Are you renting a car? If you take out car insurance on your rental car, your out-of-pocket expenses (or your excess) can run into the thousands of dollars if you cause an accident. Rental car excess insurance will help you pay for that. Most policies offer this, but the best policy will be the one that offers you cover for the excess amount of the vehicle, no more or less. You can find out your car hire excess before or when you book your rental car.
Does it automatically cover special activities? Many policies will make you pay extra if you want to be covered for riskier activities like skiing, motorcycle riding and cruising. If you will be doing any of these activities, the best policy will cover them automatically or at very little extra cost.
Finding a cheap domestic travel insurance policy shouldn't be difficult. Here are a few simple ways you can reduce your domestic travel insurance premium:
Buy a bare-bones policy. Some insurers offer budget policies that only cover you for the most costly risks, like needing to cancel your trip or cut it short due to an emergency. Obviously, you won't be covered for as much, but if you're looking to save, this is the easiest way to do it.
Increase your excess. You can reduce your premium by agreeing to pay a higher excess on your claims. Just don't increase your excess to a level you'd have a hard time paying.
Bargain shop. Insurers often run special promotions. If you look hard enough, you'll find coupon codes, giveaways and loyalty incentives.
Don't add options you don't need. Some people need extra cover, especially if their trip involves expensive hobbies like skiing. But if your flights and activities didn't cost much, you can go with a more no-frills policy instead.
Shop around. It definitely pays to weigh your options. Once you've determined what you need, comparing policies becomes much easier. Review your options carefully and pay attention to each policy's features, limitations and exclusions.
You might be surprised at how affordable domestic travel insurance can be. For example, the cheapest cost of a week-long domestic trip on Finder for a 35-year-old is around $25 (priced on the 14th June 2019). That's less than $4 a day for inclusions such as cancellations, your luggage and even theft of cash!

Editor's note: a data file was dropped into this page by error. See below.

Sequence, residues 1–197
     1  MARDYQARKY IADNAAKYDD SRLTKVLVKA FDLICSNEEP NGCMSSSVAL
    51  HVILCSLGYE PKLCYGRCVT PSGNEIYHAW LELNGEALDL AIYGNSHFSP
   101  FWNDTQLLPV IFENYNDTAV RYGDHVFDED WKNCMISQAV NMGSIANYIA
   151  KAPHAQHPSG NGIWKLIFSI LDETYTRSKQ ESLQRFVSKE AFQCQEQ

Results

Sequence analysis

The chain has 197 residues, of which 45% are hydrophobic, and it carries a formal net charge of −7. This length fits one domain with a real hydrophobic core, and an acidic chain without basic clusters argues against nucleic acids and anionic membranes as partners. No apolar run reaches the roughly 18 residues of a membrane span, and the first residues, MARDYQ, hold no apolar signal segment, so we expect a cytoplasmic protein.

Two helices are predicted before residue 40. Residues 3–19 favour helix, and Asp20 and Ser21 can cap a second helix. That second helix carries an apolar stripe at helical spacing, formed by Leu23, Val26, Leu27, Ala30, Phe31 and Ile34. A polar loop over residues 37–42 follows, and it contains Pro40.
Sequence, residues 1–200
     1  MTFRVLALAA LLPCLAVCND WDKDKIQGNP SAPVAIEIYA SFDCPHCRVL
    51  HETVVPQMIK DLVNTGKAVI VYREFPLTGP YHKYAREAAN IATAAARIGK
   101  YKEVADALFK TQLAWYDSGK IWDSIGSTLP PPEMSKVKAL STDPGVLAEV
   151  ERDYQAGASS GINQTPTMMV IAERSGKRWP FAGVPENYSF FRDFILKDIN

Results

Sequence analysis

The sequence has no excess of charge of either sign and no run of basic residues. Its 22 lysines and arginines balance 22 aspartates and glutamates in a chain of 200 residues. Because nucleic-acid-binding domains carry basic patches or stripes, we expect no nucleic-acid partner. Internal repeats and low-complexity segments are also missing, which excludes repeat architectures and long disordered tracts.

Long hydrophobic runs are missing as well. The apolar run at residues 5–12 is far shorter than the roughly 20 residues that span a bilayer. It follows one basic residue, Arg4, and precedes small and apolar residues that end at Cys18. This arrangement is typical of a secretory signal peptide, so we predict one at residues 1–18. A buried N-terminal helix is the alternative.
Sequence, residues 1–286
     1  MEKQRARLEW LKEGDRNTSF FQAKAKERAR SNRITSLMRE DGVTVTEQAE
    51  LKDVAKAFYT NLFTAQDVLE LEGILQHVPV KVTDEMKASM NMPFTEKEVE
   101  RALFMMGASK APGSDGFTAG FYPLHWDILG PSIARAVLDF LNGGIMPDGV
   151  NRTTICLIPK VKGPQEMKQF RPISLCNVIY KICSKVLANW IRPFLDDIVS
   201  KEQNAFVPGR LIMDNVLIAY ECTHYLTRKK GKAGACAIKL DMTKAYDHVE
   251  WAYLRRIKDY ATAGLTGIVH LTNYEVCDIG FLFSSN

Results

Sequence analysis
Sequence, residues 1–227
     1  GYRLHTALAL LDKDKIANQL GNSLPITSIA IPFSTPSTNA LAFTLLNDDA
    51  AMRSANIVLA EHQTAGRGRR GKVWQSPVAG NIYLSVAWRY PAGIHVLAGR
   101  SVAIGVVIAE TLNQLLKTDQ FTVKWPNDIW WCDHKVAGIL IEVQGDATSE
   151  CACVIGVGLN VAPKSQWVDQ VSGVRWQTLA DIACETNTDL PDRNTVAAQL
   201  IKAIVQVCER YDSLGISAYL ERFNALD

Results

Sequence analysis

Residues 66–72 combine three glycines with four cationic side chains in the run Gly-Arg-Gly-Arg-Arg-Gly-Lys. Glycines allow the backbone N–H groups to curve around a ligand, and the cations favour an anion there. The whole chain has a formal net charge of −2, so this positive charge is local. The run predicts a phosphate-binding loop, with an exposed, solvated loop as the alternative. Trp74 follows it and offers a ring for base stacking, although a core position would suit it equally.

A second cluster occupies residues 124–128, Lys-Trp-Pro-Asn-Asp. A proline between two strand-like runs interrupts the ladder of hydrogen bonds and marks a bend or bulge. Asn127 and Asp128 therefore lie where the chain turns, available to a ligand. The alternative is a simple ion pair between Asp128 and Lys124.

Is it worth it for a domestic trip?
Flights in and around Australia can often be quite affordable, so it's tempting to assume it's worth the risk to travel uninsured. To test this out, let's take a look at a case study.
Sarah breaks her leg, luckily she's got domestic travel insurance
Sarah is due to fly from Sydney to Perth for a two-week holiday in southwest WA, but just before she leaves, she breaks her leg and is forced to cancel her trip. Under normal circumstances, she'd be out the $560 she paid for her non-refundable round-trip ticket.
Luckily she had the foresight to purchase a domestic travel insurance policy for less than six bucks a day, and this entitled her to a full refund of the $560 fare. That's a $480 net gain. Not too shabby!
To top it off, Sarah's policy would have also covered a host of other cancellation fees and lost deposits had she also booked those. These include:
Rental car hire
So all of that would be refunded too.
Domestic cruise travel insurance
While you are justified in thinking that Medicare will cover you for any medical services on a domestic cruise, it's not necessarily the case.
Medicare will only cover the cost of your treatment if you're treated by a Medicare-approved doctor. However, cruise lines aren't required to hire Medicare-approved doctors, so taking out medical cover is your safest bet. Medical cover is not usually covered under a domestic policy for most brands, so you might have to purchase an international policy instead. Check out your insurers PDS to find out region will cover your domestic cruise.
Another benefit to domestic cruise travel insurance is that it can cover you for issues that regularly occur while you are on a ship. These include:
Cabin confinement compensation. While medical cover is important, it can't cover you for the time you lose being sick or quarantined. Gastro is common on cruise ships for example, so if you're confined to your cabin, your cruise pack can pay you a daily benefit amount for as long as you're stuck inside.
Missed shore excursion cover. If you've pre-paid for an excursion on shore and you can't make it for reasons outside of your control, this lets you lodge a claim to have the costs reimbursed.
Missed cruise departure assistance. Similarly, if for reasons beyond your control you miss your departure, this can provide you with cover for other accommodation and travel expenses.
Just search for your domestic cruise travel insurance by clicking the button below, enter your trip details, and filter the search by selecting "Cruise Cover" on the sidebar under Specific Cover Types.
While you could just get car rental excess insurance by itself, this will only cover your rental car and the cost is often much higher*. Just check out the case study below to see why domestic travel insurance is worth that little extra.
Greg doesn't get travel insurance for a road trip
Greg and his wife Gwen decided to take a road trip down to Melbourne up Australia's east coast for the long weekend. They rent a luxury vehicle from a rental car company to add some fun to their one-week journey.